I am hoping to buy a site and build a house in 2020. With commercial stamp duty increasing from 6 per cent to 7.5 per cent, will the Residential Development Stamp Duty Refund Scheme also increase from 4 per cent to 5.5 per cent?
Will the net payable in stamp duty by the homeowner post-refund still be 2 per cent?
Mr KB, Dublin
There was no specific mention of the Residential Development Stamp Duty Refund Scheme in the budget.
Under the scheme, two-thirds of the stamp duty paid when acquiring a site is repayable when you start building on it. With the stamp duty levied at 6 per cent up to the budget, that meant you got an amount equal to 4 per cent of the purchase price of the site back when you started building.
Assuming that two-thirds rule remains the same, you will now pay 7.5 per cent in stamp duty when you purchase the site and will receive 5 per cent of that back – leaving you with a stamp duty bill of 2.5 per cent of the value of the land.
If that is to change, it will likely feature in the Finance Bill, which will be published later this week. The Bill is the piece of legislation that gives legal force to measures outlined in the budget and related items, like this scheme.
There are a number of rules for those availing of the refund scheme.
First up, for someone like you, building a single home, the maximum site for which you can claim a refund is one acre.
You must also start building on the site within the 2½ years after the land was transferred into your ownership, or before end-December 2021. At this point, that deadline is within the 30-month window. It may yet be extended but you would need to keep in touch with your local authority or Revenue about that.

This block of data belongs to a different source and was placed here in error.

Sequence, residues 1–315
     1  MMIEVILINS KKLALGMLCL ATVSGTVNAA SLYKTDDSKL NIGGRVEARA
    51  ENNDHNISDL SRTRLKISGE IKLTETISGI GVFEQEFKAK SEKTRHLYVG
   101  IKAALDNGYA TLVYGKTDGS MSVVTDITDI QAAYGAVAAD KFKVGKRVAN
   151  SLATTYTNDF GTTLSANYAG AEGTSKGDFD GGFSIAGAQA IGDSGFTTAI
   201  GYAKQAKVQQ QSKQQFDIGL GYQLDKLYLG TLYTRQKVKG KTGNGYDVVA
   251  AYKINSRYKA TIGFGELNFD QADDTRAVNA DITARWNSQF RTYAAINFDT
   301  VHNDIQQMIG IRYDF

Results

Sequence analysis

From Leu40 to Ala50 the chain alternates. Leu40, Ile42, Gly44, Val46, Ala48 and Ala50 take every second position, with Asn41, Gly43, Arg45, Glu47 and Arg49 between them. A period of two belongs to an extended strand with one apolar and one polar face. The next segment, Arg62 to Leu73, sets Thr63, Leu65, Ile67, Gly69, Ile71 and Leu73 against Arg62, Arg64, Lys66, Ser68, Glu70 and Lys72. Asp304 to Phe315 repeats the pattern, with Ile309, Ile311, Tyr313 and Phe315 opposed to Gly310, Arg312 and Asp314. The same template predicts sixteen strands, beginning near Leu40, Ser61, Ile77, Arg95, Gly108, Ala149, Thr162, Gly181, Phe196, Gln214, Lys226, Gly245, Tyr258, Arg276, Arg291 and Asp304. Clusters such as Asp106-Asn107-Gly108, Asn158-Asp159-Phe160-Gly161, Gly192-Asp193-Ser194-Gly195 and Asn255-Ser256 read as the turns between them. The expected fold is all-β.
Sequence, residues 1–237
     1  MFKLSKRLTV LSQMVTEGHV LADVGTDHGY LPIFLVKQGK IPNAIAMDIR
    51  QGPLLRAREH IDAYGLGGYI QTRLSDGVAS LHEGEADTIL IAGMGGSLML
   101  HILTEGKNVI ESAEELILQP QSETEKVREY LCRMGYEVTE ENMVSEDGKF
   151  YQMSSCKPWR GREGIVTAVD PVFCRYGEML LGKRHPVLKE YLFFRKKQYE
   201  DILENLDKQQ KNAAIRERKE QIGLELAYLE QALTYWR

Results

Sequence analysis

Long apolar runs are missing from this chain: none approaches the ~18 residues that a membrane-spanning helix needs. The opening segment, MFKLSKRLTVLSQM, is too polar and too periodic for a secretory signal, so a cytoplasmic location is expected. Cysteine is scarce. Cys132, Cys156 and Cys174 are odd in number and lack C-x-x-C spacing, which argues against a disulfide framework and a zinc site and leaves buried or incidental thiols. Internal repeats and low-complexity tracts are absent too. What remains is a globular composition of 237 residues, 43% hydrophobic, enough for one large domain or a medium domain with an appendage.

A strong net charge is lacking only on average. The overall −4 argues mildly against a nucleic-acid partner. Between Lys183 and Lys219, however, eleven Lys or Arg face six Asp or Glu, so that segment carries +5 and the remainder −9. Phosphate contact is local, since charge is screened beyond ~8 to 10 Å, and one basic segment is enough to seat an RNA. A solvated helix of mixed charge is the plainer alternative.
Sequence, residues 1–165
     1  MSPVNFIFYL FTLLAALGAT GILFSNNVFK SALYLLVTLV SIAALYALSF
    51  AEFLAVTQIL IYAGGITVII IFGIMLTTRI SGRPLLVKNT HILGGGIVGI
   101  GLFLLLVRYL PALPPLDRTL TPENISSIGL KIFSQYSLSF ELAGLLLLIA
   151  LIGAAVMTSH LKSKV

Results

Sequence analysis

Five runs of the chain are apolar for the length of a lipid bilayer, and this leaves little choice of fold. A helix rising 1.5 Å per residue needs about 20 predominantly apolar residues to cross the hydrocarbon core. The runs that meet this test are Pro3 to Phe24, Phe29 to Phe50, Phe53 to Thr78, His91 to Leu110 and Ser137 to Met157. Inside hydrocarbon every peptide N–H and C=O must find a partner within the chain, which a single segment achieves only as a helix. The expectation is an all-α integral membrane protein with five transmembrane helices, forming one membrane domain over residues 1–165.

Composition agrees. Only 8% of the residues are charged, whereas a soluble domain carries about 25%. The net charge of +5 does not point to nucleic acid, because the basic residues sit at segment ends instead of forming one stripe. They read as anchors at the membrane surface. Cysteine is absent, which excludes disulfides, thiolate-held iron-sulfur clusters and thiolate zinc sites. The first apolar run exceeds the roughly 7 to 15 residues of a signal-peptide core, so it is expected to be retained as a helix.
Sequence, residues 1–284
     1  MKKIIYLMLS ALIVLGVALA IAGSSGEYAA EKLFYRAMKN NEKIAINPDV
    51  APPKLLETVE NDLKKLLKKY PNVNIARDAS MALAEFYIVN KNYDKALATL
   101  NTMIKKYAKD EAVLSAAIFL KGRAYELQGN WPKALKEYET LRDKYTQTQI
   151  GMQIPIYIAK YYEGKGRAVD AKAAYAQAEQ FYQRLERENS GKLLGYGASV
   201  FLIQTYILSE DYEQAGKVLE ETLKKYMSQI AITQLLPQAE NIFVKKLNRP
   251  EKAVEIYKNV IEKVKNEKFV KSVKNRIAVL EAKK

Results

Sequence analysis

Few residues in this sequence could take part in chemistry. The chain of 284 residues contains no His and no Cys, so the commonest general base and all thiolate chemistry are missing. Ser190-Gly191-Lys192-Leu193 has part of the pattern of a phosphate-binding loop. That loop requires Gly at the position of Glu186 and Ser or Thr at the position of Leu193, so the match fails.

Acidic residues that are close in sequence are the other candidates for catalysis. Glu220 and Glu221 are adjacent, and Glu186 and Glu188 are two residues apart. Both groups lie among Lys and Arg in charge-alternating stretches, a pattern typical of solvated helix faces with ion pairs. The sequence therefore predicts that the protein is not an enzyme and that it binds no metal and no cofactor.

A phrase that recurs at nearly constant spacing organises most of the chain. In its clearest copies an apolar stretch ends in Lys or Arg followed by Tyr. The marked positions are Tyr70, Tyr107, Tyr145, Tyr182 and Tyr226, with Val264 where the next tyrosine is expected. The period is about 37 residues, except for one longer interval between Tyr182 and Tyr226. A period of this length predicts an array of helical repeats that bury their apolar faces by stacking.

It is possible to do your project in stages, in which case you will only need to start work on the first phase within the deadlines above. When they talk about building work, activities like site clearance, drainage or the laying of foundations do count.
You also have a deadline for finishing the building work – two years from the time you started. If you are working in phases, the two-year limit applies from the time each phase was started.
Normally, when the project is done, you will file a certificate of compliance on completion with your local authority, but in the case of a single unit, like yours, you can opt instead to consider the work complete when you get an electrical completion certificate, which confirms that the property is connected to the electricity grid.
There is also another test imposed on people availing of the residential stamp duty refund scheme. It is called the 75 per cent test.
From your point of view, the important thing is that you can ignore it as it does not apply to people building a single property.
However, for others, it lays down that either the footprint of the buildings occupies at least 75 per cent of the site, or that the gross floor space of the dwelling units must equal or exceed 75 per cent of the total surface area of the site.
Please send your queries to Dominic Coyle, Q&A, The Irish Times, 24-28 Tara Street, Dublin 2, or email firstname.lastname@example.org. This column is a reader service and is not intended to replace professional advice.